Mohamedou Ould Slahi was arrested in his home country of Mauritania in late 2001, a few months after nine-eleven, kidnapped and taken to Jordan. Eight months later he was transferred to Guantánamo Bay, the U.S. military prison in Cuba, where he endured numerous tortures and was held for fourteen years without ever hearing what he was accused of.
During his detention, he began to write down his experiences, in English, the language he learned in prison. He managed to get the manuscript out through his lawyers, and in 2015 his Guantánamo Diary was published, though heavily redacted by U.S. intelligence agencies. After his release in 2016, Mohamedou worked to restore his original words and in 2017, the repaired edition was brought out. The book became an international bestseller and has also been made into a movie: early this year The Mauritanian was released, starring Tahar Rahim and Jodie Foster.
As a writer-in-residence with the Noord Nederlands Toneel and Club Guy & Roni, Mohamedou wrote the script for the dance performance FREEDOM, which will premiere on October 16. Because if anyone knows what freedom is…
[Yvon] I read your book, and I couldn’t stop crying. I felt so much shame for what was done to you, and it amazed me how you remained so human, considering all the humiliation and torture you suffered. At one point, you cried when you saw a guard get hurt. You wondered how you could feel pity for someone who treated you so badly. I wonder that too. How is it possible to feel compassion for someone who blatantly shows no compassion for you?
[Mohamedou] This is a difficult question; I don’t know the real answer. I think upbringing, personal beliefs, and resilience play a big role in how we respond to external circumstances. And what we consider important. My priority in life is to be a nice person.
[Y] You were deprived of your freedom for a very long time: what does freedom mean to you?
[M] Freedom can be in a lot of things. And freedom is something different for everyone and in every situation. I often tell the story I once heard, about a man with a bladder problem, who when asked if he had ever witnessed a miracle, replied: ‘I just peed!’ Being able to urinate, for him at that moment, was the ultimate freedom.
Not always but often, freedom is within reach. But you can’t find it until you know what you need. For one who holds grudges, freedom is to be found in forgiveness. Because resentment, even if there is a good reason for it because someone has done something very bad to you, enslaves you. You chain yourself to the person who hurt you. It is a very true saying: ‘Holding on to anger is like drinking poison and expecting the other person to die.’ Resentment and hatred are self-destructive emotions and a heavy burden to carry. I came to understand that I could free my soul from that heavy burden, by forgiving. It was truly an enlightenment; I had everything, it was there all along, but I just didn’t see it yet.
The Lebanese-Canadian activist and writer Najwa Zebian described it so beautifully: ‘Today I decided to forgive you. Not because you apologized, or because you acknowledged the pain you caused me, but because my soul deserves peace.’
I wish I had known that quote before I was kidnapped.
[Y] In her book, The Choice, Edith Eva Eger, a Hungarian writer who survived Auschwitz by dancing for Mengele, says exactly the same thing. As a psychologist, she helped her clients find freedom through forgiveness.
[M] I would love to read that book.
[Y] I would love to give it to you.
[M] Then let’s test your karma and hope I can come to Holland soon. Inshallah.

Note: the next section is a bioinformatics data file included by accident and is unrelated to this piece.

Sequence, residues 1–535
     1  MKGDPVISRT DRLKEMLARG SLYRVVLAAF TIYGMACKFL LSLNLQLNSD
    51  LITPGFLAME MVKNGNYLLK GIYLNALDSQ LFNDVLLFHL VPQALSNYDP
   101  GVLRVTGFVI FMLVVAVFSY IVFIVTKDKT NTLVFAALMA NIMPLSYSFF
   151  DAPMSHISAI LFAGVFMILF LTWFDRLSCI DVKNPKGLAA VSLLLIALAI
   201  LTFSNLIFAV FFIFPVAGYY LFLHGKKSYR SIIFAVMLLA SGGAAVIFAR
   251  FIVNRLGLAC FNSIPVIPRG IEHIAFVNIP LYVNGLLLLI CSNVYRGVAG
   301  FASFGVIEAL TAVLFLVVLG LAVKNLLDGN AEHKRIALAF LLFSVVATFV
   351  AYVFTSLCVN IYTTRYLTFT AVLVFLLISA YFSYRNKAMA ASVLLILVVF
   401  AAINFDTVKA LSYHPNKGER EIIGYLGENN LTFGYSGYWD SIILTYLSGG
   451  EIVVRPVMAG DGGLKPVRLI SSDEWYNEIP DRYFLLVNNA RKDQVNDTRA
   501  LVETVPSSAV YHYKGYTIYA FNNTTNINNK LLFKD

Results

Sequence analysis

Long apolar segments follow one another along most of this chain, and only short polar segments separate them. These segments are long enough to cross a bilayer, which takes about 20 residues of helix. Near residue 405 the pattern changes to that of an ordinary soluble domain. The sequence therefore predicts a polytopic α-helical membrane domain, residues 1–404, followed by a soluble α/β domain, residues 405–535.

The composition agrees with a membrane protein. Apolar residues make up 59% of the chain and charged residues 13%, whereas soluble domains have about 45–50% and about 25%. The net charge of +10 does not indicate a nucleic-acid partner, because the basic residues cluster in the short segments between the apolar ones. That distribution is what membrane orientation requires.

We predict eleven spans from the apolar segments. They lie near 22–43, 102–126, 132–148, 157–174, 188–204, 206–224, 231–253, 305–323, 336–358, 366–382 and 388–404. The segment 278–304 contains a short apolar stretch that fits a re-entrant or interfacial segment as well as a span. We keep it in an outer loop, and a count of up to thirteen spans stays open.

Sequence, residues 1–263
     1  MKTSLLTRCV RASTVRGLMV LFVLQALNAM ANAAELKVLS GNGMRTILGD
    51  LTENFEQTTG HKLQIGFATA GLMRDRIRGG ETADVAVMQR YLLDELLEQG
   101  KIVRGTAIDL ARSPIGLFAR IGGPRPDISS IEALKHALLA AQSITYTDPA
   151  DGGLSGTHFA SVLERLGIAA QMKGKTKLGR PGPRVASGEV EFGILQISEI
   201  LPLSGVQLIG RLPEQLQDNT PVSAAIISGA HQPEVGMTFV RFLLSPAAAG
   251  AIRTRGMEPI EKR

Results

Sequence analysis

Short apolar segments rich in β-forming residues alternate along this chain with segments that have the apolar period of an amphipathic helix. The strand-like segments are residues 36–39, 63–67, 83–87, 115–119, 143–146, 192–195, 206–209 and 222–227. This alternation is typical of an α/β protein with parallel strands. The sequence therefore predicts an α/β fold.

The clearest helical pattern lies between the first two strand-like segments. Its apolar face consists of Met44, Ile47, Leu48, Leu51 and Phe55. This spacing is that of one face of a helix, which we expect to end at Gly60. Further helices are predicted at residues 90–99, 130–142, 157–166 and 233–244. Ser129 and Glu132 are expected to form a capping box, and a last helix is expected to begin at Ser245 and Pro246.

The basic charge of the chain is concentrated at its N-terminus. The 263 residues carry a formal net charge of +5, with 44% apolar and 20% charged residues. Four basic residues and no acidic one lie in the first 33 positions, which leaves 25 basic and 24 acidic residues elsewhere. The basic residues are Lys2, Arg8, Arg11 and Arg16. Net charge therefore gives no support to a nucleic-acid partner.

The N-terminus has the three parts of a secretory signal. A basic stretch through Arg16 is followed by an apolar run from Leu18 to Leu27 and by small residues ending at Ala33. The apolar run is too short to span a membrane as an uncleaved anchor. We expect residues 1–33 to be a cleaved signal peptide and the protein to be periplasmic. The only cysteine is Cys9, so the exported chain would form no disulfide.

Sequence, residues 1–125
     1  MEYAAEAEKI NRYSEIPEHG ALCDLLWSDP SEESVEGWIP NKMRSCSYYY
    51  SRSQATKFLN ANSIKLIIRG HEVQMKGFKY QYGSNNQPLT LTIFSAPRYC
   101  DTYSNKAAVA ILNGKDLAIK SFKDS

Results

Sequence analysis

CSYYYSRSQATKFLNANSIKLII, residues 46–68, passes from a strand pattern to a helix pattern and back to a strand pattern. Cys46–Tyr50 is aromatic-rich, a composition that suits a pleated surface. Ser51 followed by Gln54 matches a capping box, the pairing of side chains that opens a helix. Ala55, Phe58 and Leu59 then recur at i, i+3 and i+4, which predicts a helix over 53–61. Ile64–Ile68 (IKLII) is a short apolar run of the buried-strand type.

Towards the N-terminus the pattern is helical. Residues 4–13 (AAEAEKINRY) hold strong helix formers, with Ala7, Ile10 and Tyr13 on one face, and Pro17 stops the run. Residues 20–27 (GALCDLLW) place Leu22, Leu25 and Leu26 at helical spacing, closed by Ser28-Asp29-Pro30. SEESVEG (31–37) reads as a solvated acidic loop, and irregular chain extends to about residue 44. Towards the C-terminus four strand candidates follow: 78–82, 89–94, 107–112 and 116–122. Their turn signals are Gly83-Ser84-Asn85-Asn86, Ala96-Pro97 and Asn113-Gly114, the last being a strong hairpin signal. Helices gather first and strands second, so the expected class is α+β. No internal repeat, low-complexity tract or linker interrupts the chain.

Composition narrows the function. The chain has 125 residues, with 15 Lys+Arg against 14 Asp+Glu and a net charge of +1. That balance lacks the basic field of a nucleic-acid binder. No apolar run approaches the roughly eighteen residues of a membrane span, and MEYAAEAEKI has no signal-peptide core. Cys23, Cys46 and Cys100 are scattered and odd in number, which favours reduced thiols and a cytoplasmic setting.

[Y] The dance performance FREEDOM by Club Guy & Roni is based on your story and you have been invited as an artist-in-residence by the Noord Nederlands Toneel. How did you come into contact with Guy Weizman?
[M] I was introduced to him by singer and artist Rajae El Mouhandiz. She had read my book and we connected through social media. We became so close right away; I think of her as a dear friend. She is the cause of all the beautiful things that are happening for me in the Netherlands. One of these things is our adaptation of Amazing Grace. In prison I learned about that beautiful hymn by John Newton. The words spoke to the pain I felt in my heart and I began to translate them into Arabic. It was a challenge to stay true to the original words while respecting the Arabic meter and the Mauritanian Sufi undertone. After I met Rajae, we decided to release a new version using my translation around the original hymn, sung by Rajae and singer Taali from New York and accompanied by an orchestra and a choir and the dancers of Club Guy & Roni. On September 11, the recording was published online.
[Y] Before your detention you were a computer engineer, now you are a writer and a celebrity; your book is a bestseller, a movie has been released, you appear in the media. How do you deal with this?
[M] I’m very grateful for what’s happening. Never in my wildest dreams did I imagine that my cause would become so well-known and a reason for so many people to stand up for democracy and human rights.
I was kidnapped by the secret police in total silence in front of my mother. I can never get that image out of my head of her holding her prayer beads and saying prayers as the car drove off with me. Of course, at that time my captors had no idea that the world would know about me.
[Y] Do you have any plans or dreams for the future?
[M] My dream is to be able to write and create in a free country, without fear of persecution or kidnapping. I would really like to get the help of good doctors and psychiatrists to deal with my recurring night terrors and the physical pain I sometimes suffer. I hope that the Netherlands will stand with me and with human rights and grant me a visa. But I will always come back to Mauritania to get my inspiration from the dunes and the vastness of the desert.
Yvon van Apeldoorn, 2021